Thursday, January 24, 2013

"civil rights issue of our time"

It was heartening to hear President Obama speak of the importance of gay rights and name check Stonewall in his Inaugural Address. This President, whose thoughts on gay issues have "evolved" in his first term, just may turn out to be exactly the champion we all hoped that he would be when we supported him in 2008. Under his leadership, the much maligned "Don't Ask, Don't Tell" policy has disappeared and gay marriage is now supported by the White House. Under his leadership, DOMA is under attack as more and more states accept that gay people are, first and foremost, people, and that people have basic rights. But this fight, which we are winning, is far from over, and part of the reason for that is that Mr. Obama left a significant group out of the equation.

Near the start of his first term, President Obama named Amanda Simpson, a transgender woman, a Special Assistant to the Army Acquisition Executive, U.S. Dept. of Defense. She thus became the first transgender woman ever appointed to serve at the leisure of the POTUS and thus the highest profile TG person in the land. However, TG issues are only just beginning to reach the national consciousness, thanks to other high-profile transgender people. Celebrities such as Chas Bono and Lana Wachowski and TV characters such as Unique on "Glee" make it more and more difficult to pretend that we don't exist, or that we cannot be sympathetic people. Still, the vast majority of Americans do not "get it" when it comes to TG people: they think that there is something "wrong" with us, that we are a "crime against nature," that we are "freaks" or "perverts," or that we are simply going against the will of God. Several days before the 2012 election, Vice President Joe Biden called transgender rights "the civil rights issue of our time." It is every bit of that, and it is time for President Obama to publicly engage in the battle.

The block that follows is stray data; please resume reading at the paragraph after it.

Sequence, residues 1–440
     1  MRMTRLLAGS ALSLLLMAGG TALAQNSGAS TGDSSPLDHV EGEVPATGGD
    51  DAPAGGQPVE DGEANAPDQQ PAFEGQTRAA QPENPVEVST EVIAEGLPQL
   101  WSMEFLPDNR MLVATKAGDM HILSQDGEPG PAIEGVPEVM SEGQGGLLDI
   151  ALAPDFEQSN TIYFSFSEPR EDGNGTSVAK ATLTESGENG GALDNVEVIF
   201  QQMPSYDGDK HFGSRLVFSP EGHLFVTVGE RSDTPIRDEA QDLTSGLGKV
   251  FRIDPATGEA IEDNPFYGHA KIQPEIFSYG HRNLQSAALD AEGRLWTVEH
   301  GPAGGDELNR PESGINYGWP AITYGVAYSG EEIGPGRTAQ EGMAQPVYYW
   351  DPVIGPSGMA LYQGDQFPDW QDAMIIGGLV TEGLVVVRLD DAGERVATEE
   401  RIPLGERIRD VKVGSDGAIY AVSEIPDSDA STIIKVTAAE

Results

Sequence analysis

In the aftermath of the inauguration, an 11-year-old TG girl named Sadie called Mr. Obama out for his omission in an essay that has gone viral. Given his nature, I am sure that he will respond to her with warm reassurances. But it will take more than reassurances from the Oval Office or an invitation for an 11-year-old girl to visit the White House to make a difference in this fight. The President needs to recognize that there is a huge problem that he needs to address with serious action. While 29 states have laws protecting gays, lesbians and transgender people from discrimination, the other 21 do not. It is time for a full-blown push from the White House to pass a trans-inclusive ENDA once and for all. It's the only way that the entire GLBT community can be protected from discrimination.

Of course, official discrimination is only one part of this battle. I am quite aware of that. When I transitioned in 1998, at the age of forty, I became the first public school teacher in America to transition on the job. I was a curiosity, a news story, a source of amusement for the radio talk shows here in Chicago. Jerry Springer and the other TV shows wanted me to come on, but I refused. I even refused Oprah, as I refused the Chicago Tribune's request to do a several page photo spread interview with me in its Sunday magazine (an interview it did a few years later with University of Illinois economics professor Deirdre McCloskey when she transitioned). My reason for refusing all of this was very simple: I had three young children, and I was terrified of reprisals affecting them. No one had any current photos of me; no one knew what I looked like. If I allowed myself to be filmed or photographed, not only could my own safety be compromised, but my children's could as well. It was the nature of the beast. I knew too many TG women who had been attacked, too many who had been beaten or raped. The horrifying possibility hung over all of my decisions. It led me also to hide who I was. Of course those at school knew, and although I was mostly accepted I faced open ridicule by some students and even a few teachers until the initial period died down. But elsewhere, I simply denied my past; fortunately I looked good enough that this was a possibility. Still, a few years later, on a vacation in Europe, the fear of being discovered to be transgender by a man I was with led me into a situation in which I ended up sexually compromised, frightened, and degraded.